ALL MY SONS: Drama by Arthur Miller, directed by Caroline Altman. Ross Valley Players (RVP)Barn Theatre at the Marin Art & Garden Center, 30 Sir Francis Drake Blvd. in Ross. For tickets, call 415-456-9555 or go to www.rossvalleyplayers.com.
ALL MY SONS at Ross Valley Players strikes at the heart.
Fortunately for the theatrical world fledgling playwright Arthur Miller believed in the adage, “If at first you don’t succeed, try, try again.” In his case he only had to try once and seven years later after his first play The Man who Had All the Luck (1940) bombed in New York, All My Sons was a smash hit winning Tony Awards for Best Author and for Best Direction of a Play. Within the next eight years he scored with four straight winners; Death of a Salesman (1949), An Enemy of the People (1950, based on Henrik Ibsen’s play An Enemy of the People), The Crucible (1953) and A View from the Bridge (1955).
The ambitious Ross Valley Players (RVP) wisely selected Wood Lockhart as producer and he has rounded up a talented cast for the penultimate production of their 83rd season that began hesitantly but ended with a dynamic second act doing justice to Miller’s opus. Once again Ken Rowland has designed a beautiful set and before the show began was awarded a Life-Time Achievement Award from the Ross Valley Players.
The plays construction follows the Aristotelian dictum of a being “conflict-driven” and dedicated to the action limited in time and place. It is August 1946, two years after the War and all the action happens within about 36 hours in one location, the Keller family back yard in the outskirts of American town, unnamed thus giving a sense of universality that is a trade mark of Miller’s works. Symbolism is another of Miller’s conceits and fallen tree adorns the stage representing the falling of his oldest pilot son Larry now for the past three years listed as missing in action. Mother Kate Keller (Kristine Ann Lowry) tenaciously insists that he still is alive.
Although universal in its themes the story is based on an actual incident. A WW II manufacturer who was profiteering from the war was turned in to the authorities by his daughter when he shipped defective parts to the military. In Miller’s play, Joe Keller’s (Craig Christiansen) plant shipped known defective airplane cylinder heads to the military resulting in the death of 21 airmen. A subsequent trial and deceit by Joe resulted in his exoneration by blaming his partner Steve Deever (unseen but critical to the storyline) who has been imprisoned for three years.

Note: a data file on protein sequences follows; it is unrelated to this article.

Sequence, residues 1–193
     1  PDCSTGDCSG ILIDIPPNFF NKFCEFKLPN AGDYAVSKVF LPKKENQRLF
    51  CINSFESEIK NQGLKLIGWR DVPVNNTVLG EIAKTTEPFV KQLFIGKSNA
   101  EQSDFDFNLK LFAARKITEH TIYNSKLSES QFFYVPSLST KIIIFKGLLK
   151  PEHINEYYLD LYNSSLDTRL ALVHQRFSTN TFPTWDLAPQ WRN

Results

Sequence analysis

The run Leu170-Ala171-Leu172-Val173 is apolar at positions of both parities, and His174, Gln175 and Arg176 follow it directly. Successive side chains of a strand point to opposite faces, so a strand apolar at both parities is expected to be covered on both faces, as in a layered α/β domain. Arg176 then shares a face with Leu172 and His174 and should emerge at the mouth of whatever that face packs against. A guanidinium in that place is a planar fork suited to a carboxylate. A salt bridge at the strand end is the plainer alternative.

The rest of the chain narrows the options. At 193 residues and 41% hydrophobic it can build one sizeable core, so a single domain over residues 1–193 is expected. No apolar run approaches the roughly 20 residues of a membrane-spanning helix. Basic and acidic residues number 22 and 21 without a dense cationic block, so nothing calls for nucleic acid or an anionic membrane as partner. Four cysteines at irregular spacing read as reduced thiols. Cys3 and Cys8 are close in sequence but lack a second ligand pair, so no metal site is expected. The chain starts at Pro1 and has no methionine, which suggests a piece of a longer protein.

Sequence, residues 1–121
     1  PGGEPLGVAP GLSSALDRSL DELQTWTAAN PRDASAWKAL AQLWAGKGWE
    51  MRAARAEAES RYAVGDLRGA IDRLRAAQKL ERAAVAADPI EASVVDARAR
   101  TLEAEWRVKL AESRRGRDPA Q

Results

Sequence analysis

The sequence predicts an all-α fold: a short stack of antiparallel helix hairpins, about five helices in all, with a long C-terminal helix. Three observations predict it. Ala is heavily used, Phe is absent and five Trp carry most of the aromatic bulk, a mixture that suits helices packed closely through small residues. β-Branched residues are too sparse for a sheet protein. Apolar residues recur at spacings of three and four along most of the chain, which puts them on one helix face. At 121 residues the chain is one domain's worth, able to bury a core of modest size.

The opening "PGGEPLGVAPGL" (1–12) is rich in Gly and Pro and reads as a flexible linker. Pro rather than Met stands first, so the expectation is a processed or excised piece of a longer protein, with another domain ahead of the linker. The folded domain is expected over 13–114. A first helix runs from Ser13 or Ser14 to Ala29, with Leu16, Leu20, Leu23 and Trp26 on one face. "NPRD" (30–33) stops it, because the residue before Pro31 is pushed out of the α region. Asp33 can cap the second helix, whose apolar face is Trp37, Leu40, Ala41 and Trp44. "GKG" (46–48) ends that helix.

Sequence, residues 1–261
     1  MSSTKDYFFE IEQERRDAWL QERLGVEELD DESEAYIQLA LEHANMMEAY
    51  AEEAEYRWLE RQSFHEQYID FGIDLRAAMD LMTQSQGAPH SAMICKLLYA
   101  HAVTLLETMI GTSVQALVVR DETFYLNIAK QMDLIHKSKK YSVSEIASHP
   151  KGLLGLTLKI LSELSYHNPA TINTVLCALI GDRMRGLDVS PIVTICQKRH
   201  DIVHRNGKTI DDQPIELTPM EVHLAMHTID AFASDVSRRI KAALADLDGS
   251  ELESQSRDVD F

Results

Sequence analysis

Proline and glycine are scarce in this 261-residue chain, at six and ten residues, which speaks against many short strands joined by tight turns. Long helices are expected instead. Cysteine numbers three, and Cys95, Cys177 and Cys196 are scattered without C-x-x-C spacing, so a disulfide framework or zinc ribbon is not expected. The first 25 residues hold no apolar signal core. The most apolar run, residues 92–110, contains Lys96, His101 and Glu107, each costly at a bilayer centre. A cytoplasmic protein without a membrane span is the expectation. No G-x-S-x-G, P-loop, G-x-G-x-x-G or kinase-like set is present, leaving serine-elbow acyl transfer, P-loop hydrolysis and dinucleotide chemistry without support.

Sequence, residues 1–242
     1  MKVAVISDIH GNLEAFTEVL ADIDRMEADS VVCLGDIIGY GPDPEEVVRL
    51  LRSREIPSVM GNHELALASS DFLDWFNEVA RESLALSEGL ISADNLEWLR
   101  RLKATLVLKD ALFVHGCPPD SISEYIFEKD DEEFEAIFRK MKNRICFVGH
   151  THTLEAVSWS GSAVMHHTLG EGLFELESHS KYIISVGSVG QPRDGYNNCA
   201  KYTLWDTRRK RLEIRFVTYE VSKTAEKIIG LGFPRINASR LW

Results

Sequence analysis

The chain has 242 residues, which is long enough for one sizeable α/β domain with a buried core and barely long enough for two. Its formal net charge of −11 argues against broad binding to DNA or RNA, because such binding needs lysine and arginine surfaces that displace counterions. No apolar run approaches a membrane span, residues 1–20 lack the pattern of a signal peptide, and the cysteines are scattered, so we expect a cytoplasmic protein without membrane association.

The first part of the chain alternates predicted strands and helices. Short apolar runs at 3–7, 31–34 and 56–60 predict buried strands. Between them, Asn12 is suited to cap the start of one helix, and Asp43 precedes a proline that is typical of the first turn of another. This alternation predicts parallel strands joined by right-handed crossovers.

Steve Deever’s daughter Ann (Amber Collins Crane) who was Larry’s girlfriend has been away for three years has disowned her father and now has returned at the behest of younger son Chris (Francis Serpa) and they plan to be married. Kate’s insistence that Larry is still alive is buttressed by a neighbor and amateur astrologist Frank Lubey (Daniel Hollander) leading to a battle of wills between Kate and Ann.
Miller has taken a page from Herman Melville by endowing Chris with purity that influences those around him to be better than what they are. In the war Chris’s platoon was all killed when they devotedly followed him into battle. In his own backyard Chris’s demeanor stimulates his neighbor Dr. Jim Bayliss (Javier Alarcon) who is desirous of becoming a medical researcher but his wife Sue (Siobhan) who recognizes that the American dream needs money to reach fruition thwarts Jim’s ambition. The need for money to live the good life is imbedded in Joe Keller’s psyche as he repeats the mantra that he has done what he has done for his sons.
When Ann’s brother George (Phillip Goleman) arrives conflict is compounded and in the second act all the major characters turn in great performances bringing the play to a powerful conclusion. Craig Christiansen dominates the stage in all the early scenes and gives a great performance when Joe falls from grace. Kristine Ann Lowery plays the unsympathetic role of Kate with understatement and conveys true hostility when challenged. Francis Serpa and Amber Collins Crane do not quite convey deep emotional tie written into the script.
Phillip Goleman’s entrance in the second act is a joy to watch and in his brief time upon the stage gives the most professional performance of the evening. Siobhan O’Brien as the doctor’s wife seems unsure in her early scene but superb when she challenges Ann to leave. Miller would be proud of her defense of living the American Dream.
Running time about two hours with intermission. Highly recommended.
Kedar K. Adour, MD
Courtesy of www.theatreworldinternetmagazine.com